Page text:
Unfortunately for some shareholders, the Chefs' Warehouse (NASDAQ:CHEF) share price has dived 33% in the last thirty days. The recent drop has obliterated the annual return, with the share price now down 14% over that longer period.
Assuming nothing else has changed, a lower share price makes a stock more attractive to potential buyers. While the market sentiment towards a stock is very changeable, in the long run, the share price will tend to move in the same direction as earnings per share. So, on certain occasions, long term focussed investors try to take advantage of pessimistic expectations to buy shares at a better price. One way to gauge market expectations of a stock is to look at its Price to Earnings Ratio (PE Ratio). Investors have optimistic expectations of companies with higher P/E ratios, compared to companies with lower P/E ratios.
Does Chefs' Warehouse Have A Relatively High Or Low P/E For Its Industry?
Chefs' Warehouse's P/E of 32.01 indicates some degree of optimism towards the stock. The image below shows that Chefs' Warehouse has a higher P/E than the average (19.1) P/E for companies in the consumer retailing industry.
Chefs' Warehouse's P/E tells us that market participants think the company will perform better than its industry peers, going forward. Shareholders are clearly optimistic, but the future is always uncertain. So investors should delve deeper. I like to check if company insiders have been buying or selling.
How Growth Rates Impact P/E Ratios
Probably the most important factor in determining what P/E a company trades on is the earnings growth. That's because companies that grow earnings per share quickly will rapidly increase the 'E' in the equation. That means even if the current P/E is high, it will reduce over time if the share price stays flat. And as that P/E ratio drops, the company will look cheap, unless its share price increases.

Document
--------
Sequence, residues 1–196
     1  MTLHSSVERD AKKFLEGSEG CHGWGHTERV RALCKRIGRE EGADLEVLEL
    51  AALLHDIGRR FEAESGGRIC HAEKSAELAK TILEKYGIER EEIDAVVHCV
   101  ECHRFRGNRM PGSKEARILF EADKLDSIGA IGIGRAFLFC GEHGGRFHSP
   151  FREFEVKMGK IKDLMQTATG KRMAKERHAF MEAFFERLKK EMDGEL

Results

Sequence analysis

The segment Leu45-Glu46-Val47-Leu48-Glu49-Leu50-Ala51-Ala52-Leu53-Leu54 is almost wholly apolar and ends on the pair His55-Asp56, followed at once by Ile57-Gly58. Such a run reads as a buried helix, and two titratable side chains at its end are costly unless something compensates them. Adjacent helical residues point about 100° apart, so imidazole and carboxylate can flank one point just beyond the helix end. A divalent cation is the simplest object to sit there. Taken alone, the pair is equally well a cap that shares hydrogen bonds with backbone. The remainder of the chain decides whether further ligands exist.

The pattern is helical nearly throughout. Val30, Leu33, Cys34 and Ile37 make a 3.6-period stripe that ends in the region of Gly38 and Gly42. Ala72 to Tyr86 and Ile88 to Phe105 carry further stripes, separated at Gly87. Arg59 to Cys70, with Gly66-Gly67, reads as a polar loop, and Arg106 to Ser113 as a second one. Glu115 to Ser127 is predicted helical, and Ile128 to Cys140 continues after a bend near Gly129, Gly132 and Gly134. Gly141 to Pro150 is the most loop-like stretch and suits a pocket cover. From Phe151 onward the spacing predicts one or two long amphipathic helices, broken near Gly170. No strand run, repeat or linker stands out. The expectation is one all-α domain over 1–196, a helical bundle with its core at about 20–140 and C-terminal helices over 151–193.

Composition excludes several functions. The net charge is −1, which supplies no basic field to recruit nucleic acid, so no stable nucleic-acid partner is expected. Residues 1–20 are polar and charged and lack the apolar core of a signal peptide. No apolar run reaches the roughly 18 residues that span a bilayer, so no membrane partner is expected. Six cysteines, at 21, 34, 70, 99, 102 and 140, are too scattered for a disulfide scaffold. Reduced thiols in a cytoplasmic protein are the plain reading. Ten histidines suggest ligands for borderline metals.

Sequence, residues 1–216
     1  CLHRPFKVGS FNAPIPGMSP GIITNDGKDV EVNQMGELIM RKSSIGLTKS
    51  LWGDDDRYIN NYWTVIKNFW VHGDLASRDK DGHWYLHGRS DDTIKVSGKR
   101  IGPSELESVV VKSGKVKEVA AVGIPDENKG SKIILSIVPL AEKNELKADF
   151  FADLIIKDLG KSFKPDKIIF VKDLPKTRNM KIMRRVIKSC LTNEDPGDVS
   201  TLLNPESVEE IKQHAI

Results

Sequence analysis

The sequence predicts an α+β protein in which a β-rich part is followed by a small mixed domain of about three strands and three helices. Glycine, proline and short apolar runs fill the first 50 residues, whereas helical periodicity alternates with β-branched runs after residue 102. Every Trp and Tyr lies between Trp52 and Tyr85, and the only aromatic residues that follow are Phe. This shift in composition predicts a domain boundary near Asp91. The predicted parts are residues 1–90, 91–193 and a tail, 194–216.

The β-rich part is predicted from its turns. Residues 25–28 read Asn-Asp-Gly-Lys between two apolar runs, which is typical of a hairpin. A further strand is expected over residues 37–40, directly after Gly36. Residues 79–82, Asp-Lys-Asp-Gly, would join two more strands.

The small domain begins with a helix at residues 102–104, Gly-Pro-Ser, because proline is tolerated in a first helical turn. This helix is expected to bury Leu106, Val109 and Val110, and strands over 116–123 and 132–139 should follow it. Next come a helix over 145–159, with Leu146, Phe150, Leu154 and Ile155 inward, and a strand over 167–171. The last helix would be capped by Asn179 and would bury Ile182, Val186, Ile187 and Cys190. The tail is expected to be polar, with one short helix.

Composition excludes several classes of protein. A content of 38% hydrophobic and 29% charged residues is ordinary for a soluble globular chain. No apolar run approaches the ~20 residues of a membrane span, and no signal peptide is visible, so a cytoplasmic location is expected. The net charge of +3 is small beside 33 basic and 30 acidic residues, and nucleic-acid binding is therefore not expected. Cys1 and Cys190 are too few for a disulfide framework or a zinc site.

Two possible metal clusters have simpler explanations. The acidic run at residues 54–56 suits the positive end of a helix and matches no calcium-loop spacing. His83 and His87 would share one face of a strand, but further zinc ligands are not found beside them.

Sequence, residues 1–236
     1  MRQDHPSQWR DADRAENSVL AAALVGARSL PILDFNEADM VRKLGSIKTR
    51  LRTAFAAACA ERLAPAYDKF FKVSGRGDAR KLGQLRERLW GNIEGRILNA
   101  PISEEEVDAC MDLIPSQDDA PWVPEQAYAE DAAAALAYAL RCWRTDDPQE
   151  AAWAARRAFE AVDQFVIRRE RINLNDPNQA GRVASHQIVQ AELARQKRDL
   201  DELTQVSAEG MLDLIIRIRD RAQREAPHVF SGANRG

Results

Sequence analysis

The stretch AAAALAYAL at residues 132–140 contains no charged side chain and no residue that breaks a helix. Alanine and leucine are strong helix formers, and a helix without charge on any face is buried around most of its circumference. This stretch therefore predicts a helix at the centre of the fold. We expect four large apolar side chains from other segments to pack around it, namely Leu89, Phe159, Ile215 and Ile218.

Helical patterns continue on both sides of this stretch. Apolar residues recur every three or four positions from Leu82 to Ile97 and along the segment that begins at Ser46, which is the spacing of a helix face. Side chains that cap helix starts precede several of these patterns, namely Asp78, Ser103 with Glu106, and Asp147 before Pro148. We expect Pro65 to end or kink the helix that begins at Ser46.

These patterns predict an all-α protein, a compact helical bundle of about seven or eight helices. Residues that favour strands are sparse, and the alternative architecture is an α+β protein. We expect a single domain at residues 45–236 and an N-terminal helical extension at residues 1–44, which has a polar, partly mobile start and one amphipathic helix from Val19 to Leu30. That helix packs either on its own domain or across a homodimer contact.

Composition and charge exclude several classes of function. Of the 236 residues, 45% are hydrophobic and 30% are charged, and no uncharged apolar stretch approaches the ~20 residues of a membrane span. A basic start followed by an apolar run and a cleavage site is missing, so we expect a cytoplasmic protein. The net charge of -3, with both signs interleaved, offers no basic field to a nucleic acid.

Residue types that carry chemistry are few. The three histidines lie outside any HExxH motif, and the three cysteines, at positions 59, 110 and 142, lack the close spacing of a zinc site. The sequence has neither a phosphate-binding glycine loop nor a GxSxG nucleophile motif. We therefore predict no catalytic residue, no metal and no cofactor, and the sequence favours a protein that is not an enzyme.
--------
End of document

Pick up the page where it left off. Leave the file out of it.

Chefs' Warehouse increased earnings per share by an impressive 15% over the last twelve months. And its annual EPS growth rate over 5 years is 7.3%. With that performance, you might expect an above average P/E ratio.
Don't Forget: The P/E Does Not Account For Debt or Bank Deposits
Don't forget that the P/E ratio considers market capitalization. So it won't reflect the advantage of cash, or disadvantage of debt. Theoretically, a business can improve its earnings (and produce a lower P/E in the future) by investing in growth. That means taking on debt (or spending its cash).
Spending on growth might be good or bad a few years later, but the point is that the P/E ratio does not account for the option (or lack thereof).
Is Debt Impacting Chefs' Warehouse's P/E?
Net debt is 30% of Chefs' Warehouse's market cap. While it's worth keeping this in mind, it isn't a worry.
The Bottom Line On Chefs' Warehouse's P/E Ratio
Chefs' Warehouse has a P/E of 32.0. That's higher than the average in its market, which is 16.2. The company is not overly constrained by its modest debt levels, and its recent EPS growth very solid. So on this analysis it seems reasonable that its P/E ratio is above average. Given Chefs' Warehouse's P/E ratio has declined from 47.6 to 32.0 in the last month, we know for sure that the market is significantly less confident about the business today, than it was back then. For those who don't like to trade against momentum, that could be a warning sign, but a contrarian investor might want to take a closer look.
When the market is wrong about a stock, it gives savvy investors an opportunity. People often underestimate remarkable growth -- so investors can make money when fast growth is not fully appreciated. So this free visual report on analyst forecasts could hold the key to an excellent investment decision.
Of course you might be able to find a better stock than Chefs' Warehouse. So you may wish to see this free collection of other companies that have grown earnings strongly.
If you spot an error that warrants correction, please contact the editor at firstname.lastname@example.org. This article by Simply Wall St is general in nature. It does not constitute a recommendation to buy or sell any stock, and does not take account of your objectives, or your financial situation. Simply Wall St has no position in the stocks mentioned.
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